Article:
Frank Baumgartner is the Richard J. Richardson Distinguished Professor Political Science at UNC Chapel Hill. Prof. Baumgartner has conducted extensive research and written at length about the issue of race with particular focus on the death penalty and on traffic stops.

James Williams has served as the Public Defender for Orange and Chatham Counties since 1990. He has helped lead multiple efforts in and out of government to address the issue of racial bias in the justice system.

Harold Medlock is the Chief of Police in Fayetteville. Since assuming office in 2013, he has effected a transformation in how his department conducts business in an effort to end discriminatory targeting of people of color.

Here are the event details:

Click here to register

When: Tuesday, November 17, at noon — Box lunches will be available at 11:45 a.m.

Where: Center for Community Leadership Training Room at the Junior League of Raleigh Building, 711 Hillsborough St. (At the corner of Hillsborough and St. Mary’s streets)

Space is limited – pre-registration required.

Cost: $10, admission includes a box lunch.

Questions?? Contact Rob Schofield at 919-861-2065 or rob@ncpolicywatch.com

Commentary

NC Policy Watch presents a very special Crucial Conversation luncheon

Featuring Professor Frank Baumgartner of UNC Chapel Hill, Orange and Chatham County Public Defender James Williams and Fayetteville Police Chief Harold Medlock

Click here to register

Black lives matterA recent front page article in the New York Times once again shined a bright light on a troublesome and longstanding problem in North Carolina – discriminatory policing that targets people of color for unfair treatment.

According “The Disproportionate Risks of Driving While Black: An examination of traffic stops and arrests in Greensboro, N.C., uncovered wide racial differences in measure after measure of police conduct,” people of color are disproportionately stopped and searched by police “even though they found drugs and weapons significantly more often when the driver was white.”

Since the release of the Times article, responses have been mixed. Many, including major newspapers and civil rights advocates, have called for new reforms and policy changes. Others, including some political leaders, however, have rejected the article’s findings and denied that change is necessary.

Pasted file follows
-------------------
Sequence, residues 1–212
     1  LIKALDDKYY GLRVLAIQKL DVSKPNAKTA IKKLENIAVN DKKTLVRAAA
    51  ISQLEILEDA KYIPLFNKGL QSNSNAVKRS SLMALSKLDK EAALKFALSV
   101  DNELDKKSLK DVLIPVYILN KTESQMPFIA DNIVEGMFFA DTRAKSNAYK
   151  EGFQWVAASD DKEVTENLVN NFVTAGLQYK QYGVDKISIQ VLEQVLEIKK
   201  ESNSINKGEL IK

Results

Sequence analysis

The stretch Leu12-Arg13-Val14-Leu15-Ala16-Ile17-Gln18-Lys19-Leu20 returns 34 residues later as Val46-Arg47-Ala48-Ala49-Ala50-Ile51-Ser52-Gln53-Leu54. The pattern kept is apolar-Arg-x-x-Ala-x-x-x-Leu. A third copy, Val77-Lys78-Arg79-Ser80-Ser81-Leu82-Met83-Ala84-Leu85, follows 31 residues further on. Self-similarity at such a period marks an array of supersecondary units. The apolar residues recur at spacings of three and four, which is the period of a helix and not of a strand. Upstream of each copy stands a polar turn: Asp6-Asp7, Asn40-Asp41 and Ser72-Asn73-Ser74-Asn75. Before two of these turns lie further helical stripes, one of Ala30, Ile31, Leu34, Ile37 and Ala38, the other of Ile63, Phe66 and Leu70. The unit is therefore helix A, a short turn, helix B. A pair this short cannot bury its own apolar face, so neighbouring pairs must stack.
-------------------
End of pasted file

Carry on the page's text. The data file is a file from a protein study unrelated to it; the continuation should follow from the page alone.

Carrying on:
Please join us as we explore this vital issue with three of North Carolina’s leading experts on the subject.

Frank Baumgartner is the Richard J. Richardson Distinguished Professor Political Science at UNC Chapel Hill. Prof. Baumgartner has conducted extensive research and written at length about the issue of race with particular focus on the death penalty and on traffic stops.

James Williams has served as the Public Defender for Orange and Chatham Counties since 1990. He has helped lead multiple efforts in and out of government to address the issue of racial bias in the justice system.

Harold Medlock is the Chief of Police in Fayetteville. Since assuming office in 2013, he has effected a transformation in how his department conducts business in an effort to end discriminatory targeting of people of color.

Click here to register

When: Tuesday, November 17, at noon — Box lunches will be available at 11:45 a.m.

Where: Center for Community Leadership Training Room at the Junior League of Raleigh Building, 711 Hillsborough St. (At the corner of Hillsborough and St. Mary’s streets)

Space is limited – pre-registration required.

Cost: $10, admission includes a box lunch.

Questions?? Contact Rob Schofield at 919-861-2065 or rob@ncpolicywatch.com

Commentary

This morning’s lead editorial in Raleigh’s News & Observer is absolutely right in decrying the outrageous violence in the latest viral video of police abuse from a classroom in South Carolina. Here’s the excellent conclusion:

“[Officer] Fields’ actions are about much more than getting tough with a defiant student. They are about a mentality that needs to be rooted out of law enforcement.

On the day after the classroom incident, a prosecutor announced that an another police officer in South Carolina will not face criminal charges for fatally shooting a 19-year-old who was fleeing from a drug deal sting operation.

Seneca police Lt. Mark Tiller said he shot Zachary Hammond because Hammond tried to run him over. But a newly released dashcam video shows Hammond’s car passing the officer as he opened fire.

The case has received less attention because both the officer and suspect were white, but it still demonstrates a persistent culture of excessive force and official tolerance.

The student who took the classroom video, Tony Robinson, summed up the lesson he learned that is instructive for police as well. He said a police officer is ‘supposed to be somebody who is going to protect us, not somebody we’re going to be scared of.’”

As horrific as the flood of viral videos that have been flooding our computer screens are, let’s hope that they are finally opening the nation’s eyes to the disturbing reality of police misconduct that’s been ignored for too long. (Note: The ACLU now has an app (The “Mobil Justice” app) that people can download to their phones. It  makes it easy to record police behavior and send it on to a safe and secure place. Click here for more info.)